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A tabby is any domestic cat that has a coat featuring distinctive stripes, dots, lines or swirling patterns, usually together with a mark resembling an M on its forehead. Tabbies are sometimes erroneously assumed to be a cat breed. In fact, the tabby pattern is found in many breeds, as well as among the general mixed-breed population. The tabby pattern is a naturally occurring feature that may be related to the coloration of the domestic cat's direct ancestor, the African Wildcat, which (along with the European Wildcat and Asiatic Wildcat) has a similar coloration.
All those patterns have been observed in random-bred populations. Several additional patterns are found in specific breeds. A modified Classic tabby is found in the Sokoke breed. Some are due to the interaction of wild and domestic genes. Rosetted and marbled patterns are found in the Bengal breed.
The Mackerel tabby pattern has vertical, gently curving stripes on the side of the body. The stripes are narrow and may be continuous or broken into bars and spots on the flanks and stomach. An "M" shape appears on the forehead along with dark lines across the cat's cheeks to the corners of its eyes. Mackerels are also called 'Fishbone tabbies' probably because they are named after the mackerel fish. Mackerel is the most common tabby pattern. The legs and tail have dark bars as do the cat's cheeks.
The Classic (also known as "Blotched" or "Marbled") tabby tends to have a pattern of dark browns, ochres and black but also occurs in grey. Classic tabbies have the "M" pattern on their foreheads but the body markings have a whirled or swirled pattern (often called a "bullseye") on the cat's sides. There is also a light colored "butterfly" pattern on the shoulders and three thin stripes (the center stripe is dark) running along its spine. Like the Mackerel tabby, Classic tabbies have dark bars on the legs, tail, and cheeks.
The Ticked tabby pattern produces agouti hairs, hairs with distinct bands of color on them, breaking up the tabby patterning into a salt-and-pepper appearance. Residual ghost striping or "barring" can often be seen on the lower legs, face and belly and sometimes at the tail tip.
The Spotted tabby may not be a true pattern, but a modifier that breaks up the Mackerel tabby pattern so that the stripes appear as spots. Similarly, the stripes of the Classic tabby pattern may be broken into larger spots. Both large spot and small spot patterns can be seen in the Australian Mist, Bengal, Egyptian Mau, Maine Coon, and Ocicat breeds.
The tabby patterns are due to three distinct gene loci and one modifier:
The agouti gene, A/a, controls whether or not the tabby pattern is expressed. The dominant A expresses the underlying tabby pattern, while the recessive non-agouti or "hypermelanistic" allele, a, does not. Solid-color (black or blue) cats have the aa combination, hiding the tabby pattern, although sometimes a suggestion of the underlying pattern can be seen (called "ghost striping"). However, the O gene for orange color suppresses the aa genotype, so there is no such thing as a solid orange cat.
The primary tabby pattern gene, Mc/mc, sets the basic pattern of stripes that underlies the coat. Mc is the wild-type tabby gene and produces what is called a Mackerel striped tabby. Classic tabbies are cats who also possess mc, a recessive mutant gene that produces the blotched pattern.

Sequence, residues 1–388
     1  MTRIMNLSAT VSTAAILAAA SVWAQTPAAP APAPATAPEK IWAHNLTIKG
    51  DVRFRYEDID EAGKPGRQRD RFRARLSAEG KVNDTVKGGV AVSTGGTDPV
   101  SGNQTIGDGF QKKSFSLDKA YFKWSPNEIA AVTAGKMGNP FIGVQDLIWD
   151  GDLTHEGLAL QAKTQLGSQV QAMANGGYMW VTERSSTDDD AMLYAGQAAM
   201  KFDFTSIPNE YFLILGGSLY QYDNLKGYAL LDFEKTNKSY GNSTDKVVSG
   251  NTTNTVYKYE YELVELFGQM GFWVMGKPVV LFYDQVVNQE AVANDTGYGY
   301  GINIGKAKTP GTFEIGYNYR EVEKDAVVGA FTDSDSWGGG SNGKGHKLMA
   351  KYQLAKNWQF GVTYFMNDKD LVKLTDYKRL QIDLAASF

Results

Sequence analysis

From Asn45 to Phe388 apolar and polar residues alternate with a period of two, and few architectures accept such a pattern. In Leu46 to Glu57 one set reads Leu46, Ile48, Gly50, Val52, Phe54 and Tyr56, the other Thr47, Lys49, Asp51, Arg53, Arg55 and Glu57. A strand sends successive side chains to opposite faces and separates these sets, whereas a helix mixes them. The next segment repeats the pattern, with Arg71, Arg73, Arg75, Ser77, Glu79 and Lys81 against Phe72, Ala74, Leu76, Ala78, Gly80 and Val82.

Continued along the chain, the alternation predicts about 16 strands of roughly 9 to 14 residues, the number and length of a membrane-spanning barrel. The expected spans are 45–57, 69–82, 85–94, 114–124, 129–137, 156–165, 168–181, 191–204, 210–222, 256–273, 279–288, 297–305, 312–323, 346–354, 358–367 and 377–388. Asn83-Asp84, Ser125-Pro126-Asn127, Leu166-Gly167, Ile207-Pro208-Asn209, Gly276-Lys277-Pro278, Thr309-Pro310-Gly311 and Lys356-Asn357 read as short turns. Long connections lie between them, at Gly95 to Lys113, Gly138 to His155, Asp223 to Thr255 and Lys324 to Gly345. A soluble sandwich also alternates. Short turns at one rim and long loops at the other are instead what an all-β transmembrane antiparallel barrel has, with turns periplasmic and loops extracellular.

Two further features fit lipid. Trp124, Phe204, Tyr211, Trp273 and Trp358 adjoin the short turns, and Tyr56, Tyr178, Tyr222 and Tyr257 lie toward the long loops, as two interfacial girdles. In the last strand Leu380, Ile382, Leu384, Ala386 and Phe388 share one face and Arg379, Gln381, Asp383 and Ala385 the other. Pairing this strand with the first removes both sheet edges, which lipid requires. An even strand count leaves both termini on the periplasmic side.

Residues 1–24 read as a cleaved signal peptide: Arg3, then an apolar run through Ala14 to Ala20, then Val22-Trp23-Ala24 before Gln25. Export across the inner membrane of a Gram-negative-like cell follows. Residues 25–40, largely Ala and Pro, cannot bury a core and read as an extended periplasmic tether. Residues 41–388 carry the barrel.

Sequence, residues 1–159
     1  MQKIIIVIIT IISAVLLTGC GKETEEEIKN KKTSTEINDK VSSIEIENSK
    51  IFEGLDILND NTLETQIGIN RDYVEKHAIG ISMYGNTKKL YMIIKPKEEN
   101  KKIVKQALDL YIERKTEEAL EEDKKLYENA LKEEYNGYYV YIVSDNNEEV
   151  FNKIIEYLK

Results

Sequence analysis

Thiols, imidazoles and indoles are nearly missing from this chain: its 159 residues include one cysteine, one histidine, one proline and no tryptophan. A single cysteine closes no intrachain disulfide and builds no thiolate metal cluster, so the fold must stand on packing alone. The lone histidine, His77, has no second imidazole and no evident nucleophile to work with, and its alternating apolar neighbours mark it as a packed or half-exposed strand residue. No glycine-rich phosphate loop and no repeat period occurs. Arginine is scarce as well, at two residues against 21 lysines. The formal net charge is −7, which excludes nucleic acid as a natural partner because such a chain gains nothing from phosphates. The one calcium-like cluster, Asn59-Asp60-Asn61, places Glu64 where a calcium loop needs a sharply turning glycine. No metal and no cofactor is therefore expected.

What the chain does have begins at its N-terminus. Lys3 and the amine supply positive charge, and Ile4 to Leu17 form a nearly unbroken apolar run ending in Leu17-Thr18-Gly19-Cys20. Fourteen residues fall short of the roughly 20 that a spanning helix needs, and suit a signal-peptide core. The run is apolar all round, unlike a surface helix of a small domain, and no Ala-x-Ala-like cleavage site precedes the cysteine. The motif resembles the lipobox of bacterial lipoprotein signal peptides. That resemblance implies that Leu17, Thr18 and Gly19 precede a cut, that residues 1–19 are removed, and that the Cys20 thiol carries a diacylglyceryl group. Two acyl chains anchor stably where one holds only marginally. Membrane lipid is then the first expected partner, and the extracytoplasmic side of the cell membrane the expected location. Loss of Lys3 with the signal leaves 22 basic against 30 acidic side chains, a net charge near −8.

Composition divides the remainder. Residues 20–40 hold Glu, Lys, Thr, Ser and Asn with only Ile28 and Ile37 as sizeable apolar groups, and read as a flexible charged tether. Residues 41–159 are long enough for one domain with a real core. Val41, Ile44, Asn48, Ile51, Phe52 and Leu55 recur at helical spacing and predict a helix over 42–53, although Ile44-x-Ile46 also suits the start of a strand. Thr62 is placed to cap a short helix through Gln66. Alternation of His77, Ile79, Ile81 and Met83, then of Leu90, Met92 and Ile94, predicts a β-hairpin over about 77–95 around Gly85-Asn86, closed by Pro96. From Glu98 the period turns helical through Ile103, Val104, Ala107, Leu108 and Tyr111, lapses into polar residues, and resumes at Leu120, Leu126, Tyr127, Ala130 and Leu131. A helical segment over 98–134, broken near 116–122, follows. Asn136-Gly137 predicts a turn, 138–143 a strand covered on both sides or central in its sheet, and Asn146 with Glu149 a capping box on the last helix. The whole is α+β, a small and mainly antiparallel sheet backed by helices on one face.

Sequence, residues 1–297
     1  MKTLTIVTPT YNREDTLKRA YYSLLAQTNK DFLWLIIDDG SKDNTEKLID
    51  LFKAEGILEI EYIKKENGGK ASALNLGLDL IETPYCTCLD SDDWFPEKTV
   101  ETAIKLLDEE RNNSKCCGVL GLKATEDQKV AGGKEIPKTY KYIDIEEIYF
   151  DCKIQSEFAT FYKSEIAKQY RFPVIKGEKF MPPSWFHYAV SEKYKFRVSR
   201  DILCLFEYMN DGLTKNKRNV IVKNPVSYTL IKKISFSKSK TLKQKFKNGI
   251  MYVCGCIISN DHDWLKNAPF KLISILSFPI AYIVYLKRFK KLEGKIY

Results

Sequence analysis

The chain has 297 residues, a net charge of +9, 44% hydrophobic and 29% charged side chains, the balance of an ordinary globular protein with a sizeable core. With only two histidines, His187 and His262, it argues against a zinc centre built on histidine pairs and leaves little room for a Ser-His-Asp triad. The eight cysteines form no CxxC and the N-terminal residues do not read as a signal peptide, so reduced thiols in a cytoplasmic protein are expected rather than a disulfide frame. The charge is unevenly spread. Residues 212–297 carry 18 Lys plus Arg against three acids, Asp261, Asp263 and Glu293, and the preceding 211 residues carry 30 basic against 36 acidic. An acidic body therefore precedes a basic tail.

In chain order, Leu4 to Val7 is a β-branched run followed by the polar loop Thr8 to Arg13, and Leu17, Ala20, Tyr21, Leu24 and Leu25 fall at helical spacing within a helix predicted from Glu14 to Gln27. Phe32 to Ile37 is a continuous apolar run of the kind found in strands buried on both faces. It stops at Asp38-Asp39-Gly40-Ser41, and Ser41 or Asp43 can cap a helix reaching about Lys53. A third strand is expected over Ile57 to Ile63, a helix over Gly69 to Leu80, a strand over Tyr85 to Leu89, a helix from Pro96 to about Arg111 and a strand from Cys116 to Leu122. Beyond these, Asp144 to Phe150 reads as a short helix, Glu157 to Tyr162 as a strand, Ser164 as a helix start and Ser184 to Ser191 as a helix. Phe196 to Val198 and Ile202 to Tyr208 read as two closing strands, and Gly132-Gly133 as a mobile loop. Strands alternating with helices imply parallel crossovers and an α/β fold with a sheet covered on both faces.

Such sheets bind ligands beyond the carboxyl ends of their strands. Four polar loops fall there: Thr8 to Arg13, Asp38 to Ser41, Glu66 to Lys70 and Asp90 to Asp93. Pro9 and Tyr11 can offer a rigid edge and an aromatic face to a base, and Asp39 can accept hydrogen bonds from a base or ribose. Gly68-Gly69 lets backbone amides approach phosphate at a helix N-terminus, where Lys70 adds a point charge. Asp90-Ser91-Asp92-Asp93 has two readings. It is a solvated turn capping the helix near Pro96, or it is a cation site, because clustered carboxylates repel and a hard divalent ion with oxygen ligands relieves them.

The Ticked tabby pattern is on a different gene locus than the Mackerel and Classic tabby patterns and is epistatic to the other patterns. A dominant mutation, Ta / ta, masks any other tabby pattern, producing a non-patterned, or Agouti tabby, with virtually no stripes or bars. If the Ticked tabby pattern gene is present, any other tabby pattern is masked. Cats homozygous for the ticked allele (Ta / Ta) have less barring than cats heterozygous for the ticked allele. When a cat of this genetic make up is selectively bred for lack of barring and wide banding on the hair shaft the resulting pattern is referred to as shaded.
The English term "tabby" comes from the 1630s, "striped silk taffeta," from the French "tabis," meaning "a rich, watered silk (originally striped)," from Middle French atabis (14c.), from Arabic attabiya, from Attabiy, a neighborhood of Baghdad where such cloth was first made, named for Prince 'Attab of the Omayyad dynasty. Compare to Spanish "ataviar", meaning to decorate or to dress or wear (often implying very elegant and/or expensive clothing). The term tabby cat, "one with a striped coat", is attested from the 1690s; the shortened form tabby was first attested in 1774. The idea of "female cat" (1826) may be influenced by the feminine proper name Tabby, a pet form of Tabitha, which was used in the late 18th century. as slang for a "difficult old woman."
Since the tabby pattern is a common wild type, it might be assumed that medieval cats were tabbies. However, one writer believed this to be untrue, at least in England. Some time after the mid-17th century, the natural philosopher John Aubrey noted that William Laud, the Archbishop of Canterbury was "a great lover of Catts [sic]" and "was presented with some Cyprus-catts, i.e. our Tabby-catts". He then claimed that "I doe well remember that the common English Catt, was white with some blewish piednesse (i.e. grey and white) : sc, a gallipot blew. The race or breed of them are now almost lost."
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